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Gary Antonio Russell talks cherishing memories of late brother, finding motivation and solace in fatherhood

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Gary Antonio Russell (Getty Images)

Connecting the dots through this whirlwind period of roughly eight months has been painful for Gary Antonio Russell.

The 28-year-old, who clashes with Emmanuel Rodriguez for the vacant WBA interim bantamweight title Saturday night, continues to mourn the loss of his younger brother Gary Darreke Russell, who died of a heart attack at the age of 26 in December.

“From the time he passed to my (Dec. 19, 2020) fight with (Juan Carlos) Payano to burying my bro to getting ready for this fight, I feel like I’ve been at least four different people going through these changes,” Russell recently told DAZN. “As a man, I’m learning myself, I’m loving myself more. I’m learning that there’s so much more of me than what people have been able to see.”

With cherished memories held close to his heart, the undefeated Russell (18-0, 12 KOs) hopes to haul his best iteration of himself into the ring for the co-main event against Rodriguez (19-2, 12 KOs) at Dignity Health Sports Park in Carson, Calif. this weekend.

“Come fight time, I’m looking to show this growth and development as a man,” he continued, “not just a fighter.”

The same can be said for all the Russells, a close-knit boxing family of southpaws all named Gary after their father Gary Sr. The collective is trying to move on while honoring their late brother. There’s “Mr.” Gary Russell Jr., the reigning WBC featherweight champion, surging contender Gary Antonio Russell and super lightweight Gary Antuanne Russell.

Gary Allan Russell serves as a mitt man to his brothers, while also being assistant trainer to head trainer Gary Sr. The late Gary Darreke was a year younger than Gary Antonio and like the youngest of six, Gary Isaiah Russell, loved basketball more than the sweet science.

“My brother was a ball player,” Russell said. “He played ball. He had this type of energy that you couldn’t miss him. You could put him in a room with 1,000 people and he would stand out. His energy was just so pure. He stayed smiling.”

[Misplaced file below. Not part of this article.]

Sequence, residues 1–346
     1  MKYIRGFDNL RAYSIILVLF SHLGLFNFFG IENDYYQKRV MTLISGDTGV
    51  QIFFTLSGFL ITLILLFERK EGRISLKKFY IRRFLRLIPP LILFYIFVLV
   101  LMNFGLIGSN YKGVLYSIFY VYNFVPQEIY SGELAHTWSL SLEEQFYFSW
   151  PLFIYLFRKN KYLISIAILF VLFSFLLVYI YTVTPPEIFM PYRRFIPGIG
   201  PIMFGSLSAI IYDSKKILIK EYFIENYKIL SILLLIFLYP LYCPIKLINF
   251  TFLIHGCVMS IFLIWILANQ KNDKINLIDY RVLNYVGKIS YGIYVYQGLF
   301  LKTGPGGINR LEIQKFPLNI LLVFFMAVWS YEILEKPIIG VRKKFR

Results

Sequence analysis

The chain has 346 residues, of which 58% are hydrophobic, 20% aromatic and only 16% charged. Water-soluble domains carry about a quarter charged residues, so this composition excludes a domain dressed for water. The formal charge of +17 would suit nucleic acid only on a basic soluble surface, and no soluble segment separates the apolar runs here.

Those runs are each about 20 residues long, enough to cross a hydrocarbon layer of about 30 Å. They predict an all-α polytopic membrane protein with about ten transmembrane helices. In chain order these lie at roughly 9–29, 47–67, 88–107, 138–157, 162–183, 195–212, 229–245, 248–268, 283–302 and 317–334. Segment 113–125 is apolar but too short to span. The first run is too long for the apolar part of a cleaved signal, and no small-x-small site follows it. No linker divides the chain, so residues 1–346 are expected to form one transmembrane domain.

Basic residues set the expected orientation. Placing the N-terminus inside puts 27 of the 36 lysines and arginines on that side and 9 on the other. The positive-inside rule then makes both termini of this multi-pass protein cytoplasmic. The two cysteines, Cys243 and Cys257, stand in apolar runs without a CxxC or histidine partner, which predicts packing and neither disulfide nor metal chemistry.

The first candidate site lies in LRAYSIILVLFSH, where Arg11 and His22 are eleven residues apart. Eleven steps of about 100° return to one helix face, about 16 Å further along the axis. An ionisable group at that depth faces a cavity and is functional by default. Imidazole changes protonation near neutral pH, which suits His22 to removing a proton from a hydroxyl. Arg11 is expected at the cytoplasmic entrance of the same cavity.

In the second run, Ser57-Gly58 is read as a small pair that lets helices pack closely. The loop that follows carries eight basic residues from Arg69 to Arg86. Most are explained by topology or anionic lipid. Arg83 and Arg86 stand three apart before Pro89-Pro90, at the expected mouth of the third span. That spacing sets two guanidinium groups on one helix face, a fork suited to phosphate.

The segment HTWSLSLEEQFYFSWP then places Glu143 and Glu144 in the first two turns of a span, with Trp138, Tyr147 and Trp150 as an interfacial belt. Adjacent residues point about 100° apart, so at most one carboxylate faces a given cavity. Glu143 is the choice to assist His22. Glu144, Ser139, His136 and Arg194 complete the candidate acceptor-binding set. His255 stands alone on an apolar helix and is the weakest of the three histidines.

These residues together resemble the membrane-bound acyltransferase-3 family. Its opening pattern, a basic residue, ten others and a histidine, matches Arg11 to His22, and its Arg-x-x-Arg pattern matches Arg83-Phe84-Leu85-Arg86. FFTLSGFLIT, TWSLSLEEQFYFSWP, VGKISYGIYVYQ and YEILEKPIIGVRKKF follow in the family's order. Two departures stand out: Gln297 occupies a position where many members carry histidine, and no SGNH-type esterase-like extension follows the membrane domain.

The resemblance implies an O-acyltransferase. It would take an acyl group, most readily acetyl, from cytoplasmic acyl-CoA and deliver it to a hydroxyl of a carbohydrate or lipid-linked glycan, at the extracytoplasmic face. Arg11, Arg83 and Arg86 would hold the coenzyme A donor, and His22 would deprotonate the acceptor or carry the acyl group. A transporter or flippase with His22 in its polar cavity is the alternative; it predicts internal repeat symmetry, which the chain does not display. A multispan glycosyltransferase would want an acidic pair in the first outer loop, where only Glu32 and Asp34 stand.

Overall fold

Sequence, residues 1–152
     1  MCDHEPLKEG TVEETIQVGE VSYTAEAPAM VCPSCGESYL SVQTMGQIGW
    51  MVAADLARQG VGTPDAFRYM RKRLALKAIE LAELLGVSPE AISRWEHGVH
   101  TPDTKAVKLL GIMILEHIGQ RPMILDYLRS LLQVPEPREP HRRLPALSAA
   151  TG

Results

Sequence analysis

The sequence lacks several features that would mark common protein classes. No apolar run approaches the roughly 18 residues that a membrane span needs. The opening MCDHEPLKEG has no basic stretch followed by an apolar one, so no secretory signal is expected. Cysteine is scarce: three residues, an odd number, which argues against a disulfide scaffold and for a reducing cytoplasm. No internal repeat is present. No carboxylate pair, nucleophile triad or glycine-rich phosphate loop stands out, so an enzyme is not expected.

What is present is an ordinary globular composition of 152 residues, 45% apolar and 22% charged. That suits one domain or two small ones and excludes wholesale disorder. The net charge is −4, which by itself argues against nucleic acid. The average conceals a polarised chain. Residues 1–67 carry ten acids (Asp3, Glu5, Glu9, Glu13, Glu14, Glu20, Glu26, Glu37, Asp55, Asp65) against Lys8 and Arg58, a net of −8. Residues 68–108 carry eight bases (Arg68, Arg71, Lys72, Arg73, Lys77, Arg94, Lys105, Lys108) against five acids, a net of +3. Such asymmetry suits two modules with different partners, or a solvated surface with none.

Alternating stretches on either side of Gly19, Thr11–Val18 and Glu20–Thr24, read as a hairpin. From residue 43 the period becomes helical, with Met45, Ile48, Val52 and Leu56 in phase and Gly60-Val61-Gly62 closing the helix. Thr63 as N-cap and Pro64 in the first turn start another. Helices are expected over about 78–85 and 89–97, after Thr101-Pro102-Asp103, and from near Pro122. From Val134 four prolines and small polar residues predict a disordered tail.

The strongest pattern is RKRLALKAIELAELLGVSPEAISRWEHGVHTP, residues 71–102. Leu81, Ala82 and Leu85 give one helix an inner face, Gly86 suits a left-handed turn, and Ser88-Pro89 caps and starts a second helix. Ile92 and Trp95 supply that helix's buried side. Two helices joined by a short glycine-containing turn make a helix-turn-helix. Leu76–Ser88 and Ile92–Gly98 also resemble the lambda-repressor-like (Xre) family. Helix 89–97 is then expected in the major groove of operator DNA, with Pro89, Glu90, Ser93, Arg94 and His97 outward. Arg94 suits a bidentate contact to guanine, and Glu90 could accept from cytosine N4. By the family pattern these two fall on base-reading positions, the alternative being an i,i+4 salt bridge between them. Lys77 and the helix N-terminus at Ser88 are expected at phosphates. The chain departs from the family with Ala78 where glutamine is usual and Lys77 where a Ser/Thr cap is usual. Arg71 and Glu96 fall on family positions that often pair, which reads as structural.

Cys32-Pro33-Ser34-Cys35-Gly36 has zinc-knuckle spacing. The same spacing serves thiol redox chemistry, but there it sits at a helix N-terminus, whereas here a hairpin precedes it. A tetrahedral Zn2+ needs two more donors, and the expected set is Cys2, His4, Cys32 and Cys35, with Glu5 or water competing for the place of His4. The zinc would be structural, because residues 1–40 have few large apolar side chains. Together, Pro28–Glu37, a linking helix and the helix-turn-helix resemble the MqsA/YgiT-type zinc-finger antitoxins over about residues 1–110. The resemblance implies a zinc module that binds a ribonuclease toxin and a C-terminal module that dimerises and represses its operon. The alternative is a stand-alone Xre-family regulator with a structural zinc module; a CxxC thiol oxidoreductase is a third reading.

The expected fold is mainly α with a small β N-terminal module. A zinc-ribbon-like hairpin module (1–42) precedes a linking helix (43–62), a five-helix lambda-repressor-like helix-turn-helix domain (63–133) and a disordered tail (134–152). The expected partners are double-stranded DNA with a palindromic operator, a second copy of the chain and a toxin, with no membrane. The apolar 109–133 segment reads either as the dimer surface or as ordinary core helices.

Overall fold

Russell, somehow, found the inner strength to defeat Payano days removed from his brother’s passing. Now, months removed, his focus is fully back for he knows what’s at stake.

A convincing, impactful victory over Rodriguez, who’s coming off back-to-back losses, could propel Russell to face the winner of Saturday night’s headliners Guillermo Rigondeaux and WBO bantamweight champion John Riel Casimero.

“Ah man, this fight could do a lot for me,” Russell conceded. “It would definitely allow more people to notice me. It puts me in position to fight some of the best fighters in my division.”

And perhaps most importantly …

“It separates me from prospect to contender.”

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Staring into the face of tragedy hasn’t been easy for the Russell family.

However, gazing into the faces of his daughters and relishing in the joys of fatherhood have been a source of solace for Gary Antonio.

His daughters, nine-year-old Nylah-Love and seven-year-old Geniya, have been staples at the gym watching his two-a-day training sessions while doubling as his “corner women,” as he doted on Instagram last month.

“My daughters are with me in the gym every single day,” Russell revealed. “Noon – 3:00 and then I’m back in at 7:00. My daughters are in there with me. At 12:00 they get to do their workout, at 7:00, they get to run the gym and they watch daddy. In between that, I pay attention to how my children gravitate toward my work. They’re learning it and understanding what their daddy is doing it for.”

And they’re vocal about what they see — tending to their dad and offering him precious corner advice.

“In between rounds, I’m sparring and they’re like ‘Daddy, you need your face wiped?’” Russell said. “‘Daddy, you need some water. Daddy, you’re slowing down, keep your hands up!’”

He has even been able to pick up side conversations that his daughters have regarding his boxing upon playback of his training footage.

“‘Daddy’s conditioning is getting up,’” he said, revealing the ringside banter from his girls. “‘He needs to stay off the ropes a little more.’”

Their sisterly bond is something he can compare as the middle boxing brother in the family, looking up to current world champion Gary Jr.

“The competitive edge was always there,” Russell said laughing. “I always wanted to do everything better than my older brother. Always.

“Pool, basketball, swimming, gymnastics, Call of Duty, whatever.”

But during this time, with the memory of Gary Darreke looming large, having his daughters by his side means something extra special. And Russell isn’t shy about letting them know, whether it’s scooping them up in the air during a break or flat out voicing it directly.

“‘Ya’ll are some of my biggest motivation,’” Russell said he tells them all the time.

“‘Let me relish this moment every single day.’”

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